Sunday, February 28, 2021

Weekly roundup: Whitefish School Board OKs staff stipend

| November 23, 2020 12:00 AM

The Whitefish School District plans to give all teachers in the district a lump-sum stipend in recognition of the time they've spent planning and adjusting operations to reopen schools during the COVID-19 pandemic.

The board last week approved the stipend, a one-time extra compensation of $546.80 that will come out of the district’s coronavirus relief budget. In early September, the district received $831,000 in relief funding as part of money granted to schools across the state by Gov. Steve Bullock.

“This is an opportunity to recognize some of the efforts that our staff is putting in this year, in order to help them during this COVID-19 (pandemic) and how we’re proceeding,” Superintendent Dave Means said.

The stipend represents about 20 hours of curriculum pay, Means noted.

All of the money from the $831,000 coronavirus relief fund is required to be spent on COVID-19 related necessities by Dec. 30.

— Whitefish Pilot

Bigfork gets athletic director at no cost

As part of its local philanthropic work, Kalispell Regional Healthcare is providing an athletic director for Bigfork High School for a minimum of one year starting this month, according to a contract between Summit Medical Fitness Center, owned by Kalispell Regional, and Bigfork Schools.

The trainer is being provided at no cost. Sean Kehl will be assigned to Bigfork High and will also work at Bigfork Middle School until a trainer can be found for that school as well, according to Bigfork High Principal Mark Hansen.

Kehl holds a degree in athletic training, and a central focus of his work will be on concussion management.

— Bigfork Eagle

Tobacco Valley publisher retires

Longtime Tobacco Valley publisher Gary Montgomery is retiring after 29 years of publishing his historical journal called The Trail, according to the Tobacco Valley News.

The quarterly publication has offered interviews with Tobacco Valley old-timers, history buffs, photographs, memoirs and chronicles of early settlers of the area.

Montgomery started his venture in 1992 first as The Tobacco Plains Journal, and renamed it The Trail when it became a quarterly publication four years later. Years earlier he had operated a print shop in Eureka.

The final edition of The Trail will be published in late December.

— Tobacco Valley News

C-Falls Brunch with Santa canceled

The Columbia Falls Rotary Club is canceling the annual Brunch with Santa due to coronavirus concerns.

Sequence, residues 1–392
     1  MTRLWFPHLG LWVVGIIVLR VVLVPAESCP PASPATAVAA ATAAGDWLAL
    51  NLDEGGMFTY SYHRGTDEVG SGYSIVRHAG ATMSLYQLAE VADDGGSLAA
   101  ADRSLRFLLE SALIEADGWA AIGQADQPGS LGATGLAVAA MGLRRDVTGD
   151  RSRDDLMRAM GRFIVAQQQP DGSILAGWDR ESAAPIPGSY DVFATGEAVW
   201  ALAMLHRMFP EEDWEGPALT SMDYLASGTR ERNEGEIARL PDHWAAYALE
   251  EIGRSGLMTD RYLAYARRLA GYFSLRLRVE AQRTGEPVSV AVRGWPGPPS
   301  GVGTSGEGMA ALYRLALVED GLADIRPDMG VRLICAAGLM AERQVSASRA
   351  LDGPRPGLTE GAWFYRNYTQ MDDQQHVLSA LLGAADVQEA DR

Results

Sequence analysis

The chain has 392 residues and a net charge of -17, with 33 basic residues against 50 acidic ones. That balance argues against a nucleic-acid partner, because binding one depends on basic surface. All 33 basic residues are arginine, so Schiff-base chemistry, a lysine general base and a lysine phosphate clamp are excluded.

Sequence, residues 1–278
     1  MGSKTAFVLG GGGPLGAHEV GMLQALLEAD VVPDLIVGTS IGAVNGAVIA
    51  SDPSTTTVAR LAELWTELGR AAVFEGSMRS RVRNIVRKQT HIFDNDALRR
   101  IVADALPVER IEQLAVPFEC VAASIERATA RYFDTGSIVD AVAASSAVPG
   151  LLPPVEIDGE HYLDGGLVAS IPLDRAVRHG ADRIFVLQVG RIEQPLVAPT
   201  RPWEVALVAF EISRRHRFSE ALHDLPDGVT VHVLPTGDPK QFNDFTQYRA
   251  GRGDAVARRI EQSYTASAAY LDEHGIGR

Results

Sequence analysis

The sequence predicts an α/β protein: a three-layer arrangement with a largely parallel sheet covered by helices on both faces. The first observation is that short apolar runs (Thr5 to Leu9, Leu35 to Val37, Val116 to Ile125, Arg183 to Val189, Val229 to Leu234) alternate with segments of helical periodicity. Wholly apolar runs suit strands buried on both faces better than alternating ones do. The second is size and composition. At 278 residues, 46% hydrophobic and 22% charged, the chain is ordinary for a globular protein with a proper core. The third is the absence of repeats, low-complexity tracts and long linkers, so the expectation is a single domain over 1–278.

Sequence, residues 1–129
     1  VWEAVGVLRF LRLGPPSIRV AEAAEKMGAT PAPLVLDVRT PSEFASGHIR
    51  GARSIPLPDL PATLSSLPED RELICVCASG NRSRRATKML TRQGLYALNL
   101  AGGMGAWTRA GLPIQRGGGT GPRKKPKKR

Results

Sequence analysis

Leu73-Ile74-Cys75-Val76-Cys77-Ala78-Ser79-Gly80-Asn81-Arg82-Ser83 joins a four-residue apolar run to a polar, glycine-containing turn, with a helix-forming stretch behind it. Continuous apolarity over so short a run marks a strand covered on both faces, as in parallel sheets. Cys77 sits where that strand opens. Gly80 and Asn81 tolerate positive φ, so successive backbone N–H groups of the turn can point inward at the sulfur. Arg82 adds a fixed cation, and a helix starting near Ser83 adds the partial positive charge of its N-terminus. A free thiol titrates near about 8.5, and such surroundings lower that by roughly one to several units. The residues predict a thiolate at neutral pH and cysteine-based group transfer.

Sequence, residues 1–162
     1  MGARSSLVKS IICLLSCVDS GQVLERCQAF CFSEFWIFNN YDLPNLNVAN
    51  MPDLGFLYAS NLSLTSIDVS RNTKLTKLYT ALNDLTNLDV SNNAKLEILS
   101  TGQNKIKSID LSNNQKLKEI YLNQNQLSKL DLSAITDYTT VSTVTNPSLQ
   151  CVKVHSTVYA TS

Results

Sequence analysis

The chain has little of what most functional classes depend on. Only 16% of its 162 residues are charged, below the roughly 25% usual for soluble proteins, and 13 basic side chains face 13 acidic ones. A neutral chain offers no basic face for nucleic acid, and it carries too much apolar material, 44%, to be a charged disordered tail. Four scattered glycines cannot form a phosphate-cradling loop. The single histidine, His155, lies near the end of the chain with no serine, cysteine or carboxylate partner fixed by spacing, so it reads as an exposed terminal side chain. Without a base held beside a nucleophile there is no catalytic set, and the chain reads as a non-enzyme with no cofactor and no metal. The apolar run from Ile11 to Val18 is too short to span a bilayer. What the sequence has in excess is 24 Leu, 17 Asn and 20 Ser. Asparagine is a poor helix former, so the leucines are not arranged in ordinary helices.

The cancellation is unfortunate, club leaders said, because it’s the top fundraiser for the organization, which donates all of the money it raises back to community organizations and projects.

The club usually holds the event in Timber Creek Village assisted-living center, which is closed to public use.

Club President Max Faller said folks can still support the Rotary by going to the club’s website at or the club’s Facebook page at facebook/CfallsRotary.

The club has done a world of good over the years, including donating $15,000 in money and in-kind donations to the Boys and Girls Club. It also supports CASA for kids, Flathead CARE, Braveheart Ministries, Columbia Falls after-school sports, and local Boy Scout troop 1941. It also sends local youths to Rotary leadership camps.

— Hungry Horse News

Polson hosting resort tax forums

The city of Polson has scheduled a series of public forums leading up to the Feb. 2 special election on a proposed resort tax that would fund improvements to the city’s streets.

The forums will include an informational presentation and an opportunity for attendees to submit questions to city staff.

Public forums are scheduled for 5:30 p.m. Tuesday, Dec. 15, and 7 p.m. Tuesday, Jan. 19. The exact format for those forums — whether remote or in-person — has yet to be determined and will be announced at a later date.

The Polson City Commission voted unanimously Oct. 5 to send the resort tax proposal to voters. If approved, the measure would put in place a 3% tax on select luxury retail items and services for 20 years beginning July 1. It would return 3% of funds collected to vendors with 97% going to the city. Of that 97%, 17% would go toward property tax relief, 80% would go toward city street improvements and 3% would be allocated to administrative costs.

City Manager Ed Meece has been meeting with various community, business and neighborhood groups in an effort to explain how the tax would work and answer questions. Those seeking to schedule a group meeting may contact Meece at or 406-883-8207.

— Lake County Leader